Wednesday, October 07, 2015

"There are a number of people who will never forgive [Barack Obama] for being half-black" (the late Stanley Hoffmann)


Plus some thoughts on Zbig Brzezinski, Henry the K,
the brothers Kennedy, and some fellow Frenchies

Harvard Prof. Stanley Hoffmann speaking on European-American relations at the Salzburg Global Seminar in 1984

by Ken

The New York Review of Books is remembering a frequent contributor, the late Stanley Hoffmann, longtime professor of international relations at Harvard. who died on September 13, with online publication of a "conversation" drawn from a never-published December 2011 interview with Michal Matlak ("a PhD student in the Department of Political and Social Sciences at the European University Institute in Florence, Italy, and a regular contributor to the Polish magazine Liberal Culture").

I've plucked out a few excerpts from those excerpts.


About Brzezinski, and the radical change he underwent, Hoffmann recalled:
He was always fascinated by and worried about the Soviet Union and nothing else. I liked him very much. But then he was a great supporter of the Vietnam War which I thought was a disaster and unwinnable. Now he has completely changed. I don’t think he remembers that he was such a supporter of the war. I was quite surprised at a conference which took place in Berlin about ten years ago to hear Zbig explaining that what the US did in Vietnam was a form of colonialism. He would never have said that earlier. In other words he was wise enough to change his mind. We are exactly the same age.

Zbig is a complicated guy. There was this permanent battle that went on between Zbig, representing the hard line on Russia, and Cyrus Vance, who wanted more accommodation, more flexibility. And the relations between the two of them were just awful. The story of my department was, for years, the battle between Zbigniew and Henry Kissinger. The difference has been that Kissinger never took Zbigniew seriously, and Zbigniew could not tolerate Henry, because Henry was there always before Zbig in occupying the high positions.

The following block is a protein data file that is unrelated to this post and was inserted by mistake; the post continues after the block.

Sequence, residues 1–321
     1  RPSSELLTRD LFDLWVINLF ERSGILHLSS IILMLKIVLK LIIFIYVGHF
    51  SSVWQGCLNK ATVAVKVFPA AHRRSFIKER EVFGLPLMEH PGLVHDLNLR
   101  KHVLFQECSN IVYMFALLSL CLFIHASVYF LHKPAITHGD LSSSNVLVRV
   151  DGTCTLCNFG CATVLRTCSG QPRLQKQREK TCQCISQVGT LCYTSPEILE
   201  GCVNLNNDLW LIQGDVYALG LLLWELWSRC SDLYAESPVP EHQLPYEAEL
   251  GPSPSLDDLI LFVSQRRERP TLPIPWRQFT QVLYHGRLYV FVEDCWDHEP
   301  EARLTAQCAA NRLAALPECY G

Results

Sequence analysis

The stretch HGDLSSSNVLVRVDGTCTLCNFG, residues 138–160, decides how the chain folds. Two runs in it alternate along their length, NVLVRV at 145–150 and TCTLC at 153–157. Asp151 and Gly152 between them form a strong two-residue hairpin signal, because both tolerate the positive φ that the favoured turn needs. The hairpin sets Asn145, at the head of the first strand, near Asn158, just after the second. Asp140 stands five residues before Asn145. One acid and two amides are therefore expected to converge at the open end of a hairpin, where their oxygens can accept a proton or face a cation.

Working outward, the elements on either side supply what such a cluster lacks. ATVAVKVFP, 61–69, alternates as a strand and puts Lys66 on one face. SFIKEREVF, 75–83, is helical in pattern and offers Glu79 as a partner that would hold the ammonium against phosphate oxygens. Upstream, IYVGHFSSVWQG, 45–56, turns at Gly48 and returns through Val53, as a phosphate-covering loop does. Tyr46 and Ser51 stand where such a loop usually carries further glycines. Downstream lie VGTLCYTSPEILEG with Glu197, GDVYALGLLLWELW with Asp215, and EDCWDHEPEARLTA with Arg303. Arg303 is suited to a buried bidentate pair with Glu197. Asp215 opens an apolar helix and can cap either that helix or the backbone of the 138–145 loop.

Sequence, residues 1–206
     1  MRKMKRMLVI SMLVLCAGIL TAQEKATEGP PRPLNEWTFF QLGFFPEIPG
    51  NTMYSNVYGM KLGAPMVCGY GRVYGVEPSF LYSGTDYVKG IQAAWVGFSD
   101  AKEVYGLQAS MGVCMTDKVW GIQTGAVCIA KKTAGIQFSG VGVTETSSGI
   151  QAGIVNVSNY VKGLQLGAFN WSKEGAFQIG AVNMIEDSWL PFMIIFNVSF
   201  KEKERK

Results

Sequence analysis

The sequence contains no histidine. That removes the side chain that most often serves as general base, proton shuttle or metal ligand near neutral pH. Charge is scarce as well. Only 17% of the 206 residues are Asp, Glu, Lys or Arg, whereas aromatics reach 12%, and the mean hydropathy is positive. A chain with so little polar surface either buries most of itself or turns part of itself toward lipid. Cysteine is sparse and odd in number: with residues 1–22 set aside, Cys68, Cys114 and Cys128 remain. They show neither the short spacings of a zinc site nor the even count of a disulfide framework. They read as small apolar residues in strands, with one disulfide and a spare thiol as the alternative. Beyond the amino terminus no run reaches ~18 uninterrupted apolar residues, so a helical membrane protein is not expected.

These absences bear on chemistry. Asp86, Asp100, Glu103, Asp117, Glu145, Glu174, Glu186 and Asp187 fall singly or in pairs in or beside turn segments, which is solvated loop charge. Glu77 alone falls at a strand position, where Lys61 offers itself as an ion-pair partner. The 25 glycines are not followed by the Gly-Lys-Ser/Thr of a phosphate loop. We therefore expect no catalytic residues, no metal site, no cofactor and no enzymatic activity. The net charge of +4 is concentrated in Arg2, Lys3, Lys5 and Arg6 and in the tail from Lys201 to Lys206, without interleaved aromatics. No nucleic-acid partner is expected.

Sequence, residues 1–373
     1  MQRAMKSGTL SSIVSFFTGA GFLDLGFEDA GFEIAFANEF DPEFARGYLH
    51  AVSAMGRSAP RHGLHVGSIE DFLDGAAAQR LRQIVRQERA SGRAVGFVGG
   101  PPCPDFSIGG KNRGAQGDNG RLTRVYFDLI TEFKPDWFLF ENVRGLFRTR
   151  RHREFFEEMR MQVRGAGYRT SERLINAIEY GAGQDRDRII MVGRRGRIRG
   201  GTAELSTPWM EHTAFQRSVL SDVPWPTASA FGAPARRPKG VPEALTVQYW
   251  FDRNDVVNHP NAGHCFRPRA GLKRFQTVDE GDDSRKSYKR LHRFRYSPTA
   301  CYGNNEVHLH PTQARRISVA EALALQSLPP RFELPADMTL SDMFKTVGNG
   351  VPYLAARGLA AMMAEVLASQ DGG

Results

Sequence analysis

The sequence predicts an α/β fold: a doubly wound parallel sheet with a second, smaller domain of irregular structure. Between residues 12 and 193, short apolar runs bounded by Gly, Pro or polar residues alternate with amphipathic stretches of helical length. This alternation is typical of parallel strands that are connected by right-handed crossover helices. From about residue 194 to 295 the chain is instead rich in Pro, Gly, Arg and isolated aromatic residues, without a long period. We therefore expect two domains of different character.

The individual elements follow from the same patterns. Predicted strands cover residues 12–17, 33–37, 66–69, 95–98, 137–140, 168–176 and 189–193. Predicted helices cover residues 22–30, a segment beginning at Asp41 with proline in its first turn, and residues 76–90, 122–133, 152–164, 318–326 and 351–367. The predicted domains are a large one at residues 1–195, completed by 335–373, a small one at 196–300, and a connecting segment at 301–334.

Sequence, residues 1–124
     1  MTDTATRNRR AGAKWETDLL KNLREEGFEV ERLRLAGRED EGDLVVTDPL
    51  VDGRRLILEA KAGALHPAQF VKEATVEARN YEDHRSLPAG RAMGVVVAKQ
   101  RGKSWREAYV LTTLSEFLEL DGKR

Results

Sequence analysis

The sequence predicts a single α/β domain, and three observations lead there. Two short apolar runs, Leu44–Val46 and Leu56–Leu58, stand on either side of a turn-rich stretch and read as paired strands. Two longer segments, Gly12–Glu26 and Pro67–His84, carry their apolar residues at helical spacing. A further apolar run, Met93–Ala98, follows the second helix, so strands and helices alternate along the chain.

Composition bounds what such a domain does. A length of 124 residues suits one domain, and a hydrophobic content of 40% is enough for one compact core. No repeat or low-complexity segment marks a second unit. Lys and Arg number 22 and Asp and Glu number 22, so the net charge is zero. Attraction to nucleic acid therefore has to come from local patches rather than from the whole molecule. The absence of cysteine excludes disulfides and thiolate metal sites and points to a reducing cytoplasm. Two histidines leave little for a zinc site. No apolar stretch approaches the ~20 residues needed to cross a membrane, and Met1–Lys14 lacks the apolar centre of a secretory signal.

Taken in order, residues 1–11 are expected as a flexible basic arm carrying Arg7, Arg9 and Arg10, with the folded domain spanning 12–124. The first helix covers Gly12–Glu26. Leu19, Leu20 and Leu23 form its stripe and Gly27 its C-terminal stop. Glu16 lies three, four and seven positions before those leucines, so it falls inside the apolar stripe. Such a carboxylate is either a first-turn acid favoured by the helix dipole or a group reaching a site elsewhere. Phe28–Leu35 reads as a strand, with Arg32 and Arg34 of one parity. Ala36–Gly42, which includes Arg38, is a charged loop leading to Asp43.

As for Henry the K, Hoffmann said: "I could write a book on Henry, which I will not. Everything is very complicated with Mr. Kissinger."

He did comment on something Kissinger "was very good at":
There was very recently, in The New York Times, a long front-page review by him of a new and very long biography of George Kennan. And what I found remarkable about Henry’s article was that it said nothing. I went through all of it and you don’t know at the end what he really thought. And he was very good at that.


After some conversation about "politicians who are able to combine moral ends with Realpolitik, Hoffmann was asked about another possible "successful idealist."
You knew John F. Kennedy. Did he belong to the same group of successful idealists?

Although I knew Kennedy a little, I did not like him, for purely personal reasons. He was very much an opportunist, very intelligent. I knew all three of the Kennedys. The youngest one, Teddy, who died about three years ago, was my student. He was not a genius, but he was a good person. He spent much of his time as a member of the Senate helping people get visas to the United States. He saved people. And he never really thought much about himself, because he didn’t think he was quite smart enough to reach the heights. But I liked him. The other two, Bobby and John Kennedy, struck me as hard-nosed, calculating machines.

So you don’t see in their politics a strong connection to human rights?